The global obesity epidemic is getting worse.
More people are now obese than underweight. Meanwhile, scientists say that a new kind of malnutrition — in which people are both overweight and undernourished— is becoming more common, especially in developing parts of Latin America, Africa, and Asia.
As sales of processed food slows in the world's wealthiest nations, big food conglomerates, including Nestlé, PepsiCo and General Mills, have established large footprints in remote parts of the planet. The expansion may be contributing to obesity and upending traditional diets in these countries, from Brazil to Ghana, according to a new report by The New York Times.
The Times examined corporate records, epidemiological studies and government reports, and conducted interviews with nutritionists and health experts around the world to find out how the expansion of huge packaged food companies into developing nations could affect public health.
"What we have is a war between two food systems, a traditional diet of real food once produced by the farmers around you and the producers of ultra-processed food designed to be over-consumed and which in some cases are addictive," Carlos Monteiro, a professor of nutrition and public health at the University of São Paulo, told The Times.
Nestlé, the world's largest packaged food company, has hired thousands of door-to-door vendors to sell its products to a quarter-million households in the far-flung regions of Brazil. The most popular items are nearly all sugar-sweetened items like Kit-Kats and Chandelle Pacoca — a 3.5-ounce cup of peanut-flavored pudding with 20 grams of sugar, one vendor, Celene da Silva, told the Times. (For perspective, the World Health Organization recommends 25 grams of sugar daily for the average adult.)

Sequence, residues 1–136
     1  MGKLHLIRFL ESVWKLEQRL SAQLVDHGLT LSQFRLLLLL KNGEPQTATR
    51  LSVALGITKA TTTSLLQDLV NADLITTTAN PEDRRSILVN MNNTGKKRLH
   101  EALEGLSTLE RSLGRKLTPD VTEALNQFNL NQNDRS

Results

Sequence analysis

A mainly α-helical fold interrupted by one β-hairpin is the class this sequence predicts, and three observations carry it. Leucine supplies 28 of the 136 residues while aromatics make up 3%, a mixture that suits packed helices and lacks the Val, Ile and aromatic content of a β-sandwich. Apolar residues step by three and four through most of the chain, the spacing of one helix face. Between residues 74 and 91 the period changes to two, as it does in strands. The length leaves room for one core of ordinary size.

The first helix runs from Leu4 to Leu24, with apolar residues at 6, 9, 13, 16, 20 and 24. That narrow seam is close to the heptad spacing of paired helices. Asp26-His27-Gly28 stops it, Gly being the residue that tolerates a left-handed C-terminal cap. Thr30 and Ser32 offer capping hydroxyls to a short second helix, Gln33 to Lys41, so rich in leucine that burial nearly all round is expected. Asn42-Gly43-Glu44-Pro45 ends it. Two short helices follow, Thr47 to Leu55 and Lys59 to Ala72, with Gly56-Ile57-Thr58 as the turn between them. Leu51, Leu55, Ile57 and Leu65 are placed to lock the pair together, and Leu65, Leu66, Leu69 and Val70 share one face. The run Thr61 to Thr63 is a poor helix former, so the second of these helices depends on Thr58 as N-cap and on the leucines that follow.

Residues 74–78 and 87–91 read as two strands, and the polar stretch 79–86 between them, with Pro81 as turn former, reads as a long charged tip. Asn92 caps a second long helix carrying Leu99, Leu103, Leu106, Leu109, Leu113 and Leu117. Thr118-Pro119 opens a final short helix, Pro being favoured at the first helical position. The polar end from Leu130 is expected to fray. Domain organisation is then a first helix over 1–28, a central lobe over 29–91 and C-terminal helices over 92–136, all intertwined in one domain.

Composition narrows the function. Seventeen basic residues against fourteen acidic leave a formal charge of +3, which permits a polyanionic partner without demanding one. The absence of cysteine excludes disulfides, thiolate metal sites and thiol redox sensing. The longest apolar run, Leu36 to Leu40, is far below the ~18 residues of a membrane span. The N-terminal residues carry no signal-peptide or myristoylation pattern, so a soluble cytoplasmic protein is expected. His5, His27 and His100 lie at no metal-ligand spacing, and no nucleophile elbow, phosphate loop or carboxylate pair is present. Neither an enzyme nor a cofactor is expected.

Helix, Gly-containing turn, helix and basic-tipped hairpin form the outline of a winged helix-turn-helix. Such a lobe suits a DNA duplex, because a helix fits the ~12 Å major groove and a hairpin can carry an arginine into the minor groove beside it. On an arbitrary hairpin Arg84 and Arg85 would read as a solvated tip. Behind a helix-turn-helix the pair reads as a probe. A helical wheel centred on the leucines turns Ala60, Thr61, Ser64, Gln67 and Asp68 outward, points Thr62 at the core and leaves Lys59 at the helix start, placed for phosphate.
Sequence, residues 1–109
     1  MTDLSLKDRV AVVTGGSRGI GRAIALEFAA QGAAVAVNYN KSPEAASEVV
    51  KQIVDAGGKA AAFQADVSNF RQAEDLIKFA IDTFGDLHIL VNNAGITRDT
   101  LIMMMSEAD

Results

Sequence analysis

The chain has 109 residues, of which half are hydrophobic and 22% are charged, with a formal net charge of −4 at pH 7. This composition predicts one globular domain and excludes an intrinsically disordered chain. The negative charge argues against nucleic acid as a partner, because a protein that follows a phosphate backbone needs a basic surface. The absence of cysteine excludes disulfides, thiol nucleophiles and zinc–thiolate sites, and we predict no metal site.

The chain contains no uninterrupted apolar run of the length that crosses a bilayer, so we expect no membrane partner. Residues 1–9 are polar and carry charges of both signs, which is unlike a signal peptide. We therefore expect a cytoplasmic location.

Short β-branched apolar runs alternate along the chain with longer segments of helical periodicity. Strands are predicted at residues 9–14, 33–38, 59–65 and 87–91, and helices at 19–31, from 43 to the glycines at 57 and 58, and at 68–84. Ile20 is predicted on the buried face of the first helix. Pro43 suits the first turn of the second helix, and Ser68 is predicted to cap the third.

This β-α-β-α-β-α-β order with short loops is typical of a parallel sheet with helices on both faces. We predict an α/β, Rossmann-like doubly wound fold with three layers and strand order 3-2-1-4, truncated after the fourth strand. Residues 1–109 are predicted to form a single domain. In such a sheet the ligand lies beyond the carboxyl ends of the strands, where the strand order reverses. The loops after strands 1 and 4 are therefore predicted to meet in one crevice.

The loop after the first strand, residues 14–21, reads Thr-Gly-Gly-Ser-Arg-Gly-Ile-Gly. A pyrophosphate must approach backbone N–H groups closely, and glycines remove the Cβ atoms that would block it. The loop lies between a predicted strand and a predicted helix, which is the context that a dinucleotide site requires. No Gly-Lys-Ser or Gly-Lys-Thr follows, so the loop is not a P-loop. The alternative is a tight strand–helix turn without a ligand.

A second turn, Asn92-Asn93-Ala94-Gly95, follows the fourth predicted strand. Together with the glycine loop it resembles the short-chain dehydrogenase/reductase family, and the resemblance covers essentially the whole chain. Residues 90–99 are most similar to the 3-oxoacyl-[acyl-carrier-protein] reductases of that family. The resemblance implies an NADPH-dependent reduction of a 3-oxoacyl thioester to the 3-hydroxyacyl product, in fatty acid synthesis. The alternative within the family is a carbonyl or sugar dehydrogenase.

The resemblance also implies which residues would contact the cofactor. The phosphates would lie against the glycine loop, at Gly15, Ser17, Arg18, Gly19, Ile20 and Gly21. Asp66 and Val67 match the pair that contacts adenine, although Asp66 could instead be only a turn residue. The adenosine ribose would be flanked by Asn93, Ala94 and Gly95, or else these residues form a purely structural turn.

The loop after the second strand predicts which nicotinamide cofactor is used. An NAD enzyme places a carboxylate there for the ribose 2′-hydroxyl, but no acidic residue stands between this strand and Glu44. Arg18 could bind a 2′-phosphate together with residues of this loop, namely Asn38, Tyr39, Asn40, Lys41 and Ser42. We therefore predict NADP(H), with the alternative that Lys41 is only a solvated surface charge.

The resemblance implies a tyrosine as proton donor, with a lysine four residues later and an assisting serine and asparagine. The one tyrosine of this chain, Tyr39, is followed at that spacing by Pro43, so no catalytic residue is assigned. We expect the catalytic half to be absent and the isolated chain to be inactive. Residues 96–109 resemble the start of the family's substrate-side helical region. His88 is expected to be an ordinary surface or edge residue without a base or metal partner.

Since 2003, 36 million people in Brazil have risen out of poverty. The economy boomed and consumer spending followed, but as The Washington Post notes, there has also been an explosion of overweight people in the country. Today, 57% of Brazil's population is overweight, and 1 in 5 people are obese.
In the past decade, food has become cheaper and more widely available throughout the world. But the most accessible foods are often often be high in calories, salt, and sugar, and low in nutrients. In a 2012 analysis, researchers found that the world's ten largest food companies control about 15% of food sales, a percentage that is rising annually. Three-fourths of world food sales are processed foods, and the largest manufacturers hold over a third of the global market.
"To understand who is responsible for these nutritional failures, it is first necessary to ask: Who rules global food systems? By and large it's "Big Food," by which we refer to multinational food and beverage companies with huge and concentrated market power," the authors wrote.
Sean Westcott, head of food research and development at Nestlé, said rising obesity was an unintended side effect of making the company's processed foods more commonplace.
"We didn't expect what the impact would be," he said.
Though the solution is unclear, several global health nonprofits are working toward raising awareness about obesity and other health problems linked to high-sugar, high-fat foods, like type 2 diabetes. In late 2016, Brazil also set new food guidelines, which call for homemade meals, native plants, and avoiding foods that are "ultra-processed."